Living with a Wild God

Living with a Wild God: A Nonbeliever’s Search for the Truth about Everything
Barbara Ehrenreich
Grand Central Publishing (April 8, 2014), 257 pages
Kindle Edition  $12.99,  Amazon Hardcover  $26.00
e-book borrowed from the Santa Clara County Library System

Barbara Ehrenreich began her career as a scientist, but her move to political activism in graduate school took her out of science and into writing and journalism. She is well-respected as the author of many nonfiction books. I consider her to be an accomplished muckraker, a term I suppose not to be in common use these days, but I mean that in the best sense of bringing to light those things in society which we would rather not see. I have to respect someone who takes a job with a house cleaning firm à la Merry Maids to document the conditions under which those (mostly) women work. (In case you were wondering, as she described to Terry Gross on Fresh Air, the objective is to work quickly moving diagonally across the room, and to provide more the appearance of clean than actual clean.)

Living with a Wild God, then, is a departure for Ehrenreich. The centerpiece of the book is a sort of burning bush experience she had as a teenager in the Eastern Sierra town of Lone Pine. This was a bit of a problem in that both of her parents were avowed atheists and she very much saw herself in that manner as well. She describes her life before that experience and her life afterwards in light of it.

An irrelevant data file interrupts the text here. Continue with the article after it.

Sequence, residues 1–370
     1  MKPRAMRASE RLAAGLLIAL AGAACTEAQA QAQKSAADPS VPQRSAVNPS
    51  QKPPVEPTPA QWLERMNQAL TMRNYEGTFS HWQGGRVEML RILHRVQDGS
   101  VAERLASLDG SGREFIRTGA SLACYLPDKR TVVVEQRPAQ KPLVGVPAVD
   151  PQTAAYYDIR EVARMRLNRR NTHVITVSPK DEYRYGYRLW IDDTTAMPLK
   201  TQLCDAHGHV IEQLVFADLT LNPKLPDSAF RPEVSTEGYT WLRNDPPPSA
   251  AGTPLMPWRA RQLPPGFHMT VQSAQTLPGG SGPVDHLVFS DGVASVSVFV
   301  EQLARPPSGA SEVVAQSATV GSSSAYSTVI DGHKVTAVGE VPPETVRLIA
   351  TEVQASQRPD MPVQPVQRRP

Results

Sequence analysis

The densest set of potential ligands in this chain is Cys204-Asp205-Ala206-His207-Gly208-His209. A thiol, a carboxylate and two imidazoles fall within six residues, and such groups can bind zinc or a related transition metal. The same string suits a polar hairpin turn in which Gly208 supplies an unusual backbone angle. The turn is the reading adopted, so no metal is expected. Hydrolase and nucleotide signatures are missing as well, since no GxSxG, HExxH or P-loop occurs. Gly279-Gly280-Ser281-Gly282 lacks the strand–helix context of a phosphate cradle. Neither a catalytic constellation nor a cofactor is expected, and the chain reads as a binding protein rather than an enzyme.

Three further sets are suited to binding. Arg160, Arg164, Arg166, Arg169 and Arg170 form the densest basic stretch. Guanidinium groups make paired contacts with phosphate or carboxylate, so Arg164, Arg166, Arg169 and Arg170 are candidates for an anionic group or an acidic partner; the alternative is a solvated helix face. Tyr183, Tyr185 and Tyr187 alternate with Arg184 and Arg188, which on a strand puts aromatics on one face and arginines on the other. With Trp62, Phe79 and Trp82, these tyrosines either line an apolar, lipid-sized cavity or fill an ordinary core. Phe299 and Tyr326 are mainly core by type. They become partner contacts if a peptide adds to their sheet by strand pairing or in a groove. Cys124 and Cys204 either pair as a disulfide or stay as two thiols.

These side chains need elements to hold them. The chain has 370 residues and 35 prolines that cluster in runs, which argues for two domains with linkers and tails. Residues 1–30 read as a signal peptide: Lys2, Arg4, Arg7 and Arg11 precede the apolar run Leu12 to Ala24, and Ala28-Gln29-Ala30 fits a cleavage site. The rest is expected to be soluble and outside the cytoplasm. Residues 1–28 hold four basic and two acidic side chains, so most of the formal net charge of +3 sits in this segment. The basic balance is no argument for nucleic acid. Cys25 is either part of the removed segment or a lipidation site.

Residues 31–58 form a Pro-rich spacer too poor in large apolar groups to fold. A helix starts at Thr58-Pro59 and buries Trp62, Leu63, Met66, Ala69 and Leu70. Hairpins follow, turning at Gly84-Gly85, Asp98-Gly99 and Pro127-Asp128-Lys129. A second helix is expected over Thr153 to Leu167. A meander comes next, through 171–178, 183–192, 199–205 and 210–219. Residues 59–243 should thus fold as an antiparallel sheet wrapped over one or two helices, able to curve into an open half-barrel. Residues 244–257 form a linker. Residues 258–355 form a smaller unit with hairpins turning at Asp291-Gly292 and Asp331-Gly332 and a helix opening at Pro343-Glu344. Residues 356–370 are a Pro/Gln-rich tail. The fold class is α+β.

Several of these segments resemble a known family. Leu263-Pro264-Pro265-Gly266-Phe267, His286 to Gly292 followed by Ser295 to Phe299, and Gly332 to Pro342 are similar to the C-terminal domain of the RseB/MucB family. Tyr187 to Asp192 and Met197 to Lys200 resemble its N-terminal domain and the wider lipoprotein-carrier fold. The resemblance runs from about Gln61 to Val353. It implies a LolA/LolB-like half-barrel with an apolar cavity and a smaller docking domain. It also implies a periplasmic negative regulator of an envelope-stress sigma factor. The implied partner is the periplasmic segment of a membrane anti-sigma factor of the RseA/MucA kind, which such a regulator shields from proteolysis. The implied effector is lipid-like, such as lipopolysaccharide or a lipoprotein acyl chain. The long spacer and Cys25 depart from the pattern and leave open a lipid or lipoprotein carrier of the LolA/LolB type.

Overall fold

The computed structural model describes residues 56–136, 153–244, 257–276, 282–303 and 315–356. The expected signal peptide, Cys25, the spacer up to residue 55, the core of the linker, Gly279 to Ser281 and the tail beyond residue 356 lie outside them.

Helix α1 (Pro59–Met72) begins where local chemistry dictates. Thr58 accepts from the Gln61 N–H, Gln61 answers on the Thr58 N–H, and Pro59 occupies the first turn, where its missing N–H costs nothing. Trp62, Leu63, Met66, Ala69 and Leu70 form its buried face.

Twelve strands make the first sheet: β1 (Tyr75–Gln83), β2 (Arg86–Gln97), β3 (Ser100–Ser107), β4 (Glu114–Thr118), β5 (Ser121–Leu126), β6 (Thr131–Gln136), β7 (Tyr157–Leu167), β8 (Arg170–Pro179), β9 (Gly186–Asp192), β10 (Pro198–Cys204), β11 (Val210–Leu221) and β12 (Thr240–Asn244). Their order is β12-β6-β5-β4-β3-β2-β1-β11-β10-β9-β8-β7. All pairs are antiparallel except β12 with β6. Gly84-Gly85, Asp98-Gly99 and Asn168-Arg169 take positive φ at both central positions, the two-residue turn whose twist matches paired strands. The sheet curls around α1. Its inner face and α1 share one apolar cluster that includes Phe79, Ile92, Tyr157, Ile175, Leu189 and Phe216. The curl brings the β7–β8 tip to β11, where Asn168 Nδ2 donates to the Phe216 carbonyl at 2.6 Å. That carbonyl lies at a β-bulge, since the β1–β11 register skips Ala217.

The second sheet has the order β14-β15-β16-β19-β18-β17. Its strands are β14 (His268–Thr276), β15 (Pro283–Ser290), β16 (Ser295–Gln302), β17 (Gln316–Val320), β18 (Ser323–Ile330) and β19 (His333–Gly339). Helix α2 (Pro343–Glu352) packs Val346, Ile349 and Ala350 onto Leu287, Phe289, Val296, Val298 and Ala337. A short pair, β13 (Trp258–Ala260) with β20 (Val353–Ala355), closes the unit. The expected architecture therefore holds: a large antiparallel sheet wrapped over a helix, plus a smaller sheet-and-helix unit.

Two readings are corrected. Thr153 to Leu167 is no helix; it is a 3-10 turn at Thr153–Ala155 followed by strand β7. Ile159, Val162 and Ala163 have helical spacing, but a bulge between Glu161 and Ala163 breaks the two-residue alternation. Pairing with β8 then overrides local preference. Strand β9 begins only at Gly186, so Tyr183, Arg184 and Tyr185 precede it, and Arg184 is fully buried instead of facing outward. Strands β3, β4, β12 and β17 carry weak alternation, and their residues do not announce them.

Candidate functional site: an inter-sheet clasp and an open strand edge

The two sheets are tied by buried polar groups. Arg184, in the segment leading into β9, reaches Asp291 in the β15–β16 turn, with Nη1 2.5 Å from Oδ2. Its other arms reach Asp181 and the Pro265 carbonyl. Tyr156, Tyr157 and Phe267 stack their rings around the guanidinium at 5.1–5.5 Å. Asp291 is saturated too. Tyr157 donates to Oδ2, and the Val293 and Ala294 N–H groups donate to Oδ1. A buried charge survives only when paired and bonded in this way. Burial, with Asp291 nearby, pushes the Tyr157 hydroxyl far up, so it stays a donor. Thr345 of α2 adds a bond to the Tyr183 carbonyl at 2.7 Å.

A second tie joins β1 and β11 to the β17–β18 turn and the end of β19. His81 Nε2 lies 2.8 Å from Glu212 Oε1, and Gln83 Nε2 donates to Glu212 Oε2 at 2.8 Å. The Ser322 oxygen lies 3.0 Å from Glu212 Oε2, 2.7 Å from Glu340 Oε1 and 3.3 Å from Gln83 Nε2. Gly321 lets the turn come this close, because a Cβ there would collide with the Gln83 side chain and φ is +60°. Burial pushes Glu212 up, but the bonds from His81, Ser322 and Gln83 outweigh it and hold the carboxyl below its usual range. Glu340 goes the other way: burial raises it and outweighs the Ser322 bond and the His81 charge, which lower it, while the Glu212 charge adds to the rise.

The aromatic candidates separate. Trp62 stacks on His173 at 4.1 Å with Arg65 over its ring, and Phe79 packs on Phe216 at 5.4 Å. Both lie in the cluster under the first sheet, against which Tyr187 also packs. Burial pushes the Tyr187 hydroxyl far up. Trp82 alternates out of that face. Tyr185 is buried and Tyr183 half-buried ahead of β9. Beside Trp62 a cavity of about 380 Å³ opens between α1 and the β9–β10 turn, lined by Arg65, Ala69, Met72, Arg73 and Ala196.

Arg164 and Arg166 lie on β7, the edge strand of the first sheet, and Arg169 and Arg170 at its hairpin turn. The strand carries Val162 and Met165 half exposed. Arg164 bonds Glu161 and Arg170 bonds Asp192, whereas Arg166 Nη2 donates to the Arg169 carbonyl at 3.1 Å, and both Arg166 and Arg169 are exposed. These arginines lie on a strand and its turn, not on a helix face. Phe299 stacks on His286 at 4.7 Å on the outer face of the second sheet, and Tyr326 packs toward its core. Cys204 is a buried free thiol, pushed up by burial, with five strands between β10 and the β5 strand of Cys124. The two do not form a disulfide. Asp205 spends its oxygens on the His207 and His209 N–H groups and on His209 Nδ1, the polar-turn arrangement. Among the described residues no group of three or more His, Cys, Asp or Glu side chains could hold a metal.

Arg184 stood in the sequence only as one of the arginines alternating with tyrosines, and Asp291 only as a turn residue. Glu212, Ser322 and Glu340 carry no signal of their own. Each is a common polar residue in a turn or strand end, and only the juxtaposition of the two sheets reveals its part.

For the most part it was only decades later that she really paused to reflect on the experience. She regularly described herself as an atheist, sometimes even when the circumstances might have dictated that she stay quiet of the subject of religious belief. But she eventually opened the door a crack. She describes how her aunt told her after one interview that she saw her hesitate just a bit on that question.

Ehrenreich concludes the book insisting that the God she does not believe in is the monotheistic God of Judaism, Christianity, and Islam. But she has come to accept that there may be something else out there. She relies on Rudolf Otto’s idea of the “wholly other” as her best description.

It’s an interesting journey. Ehrenreich has much of value to share here, even with people, like me, of faith.



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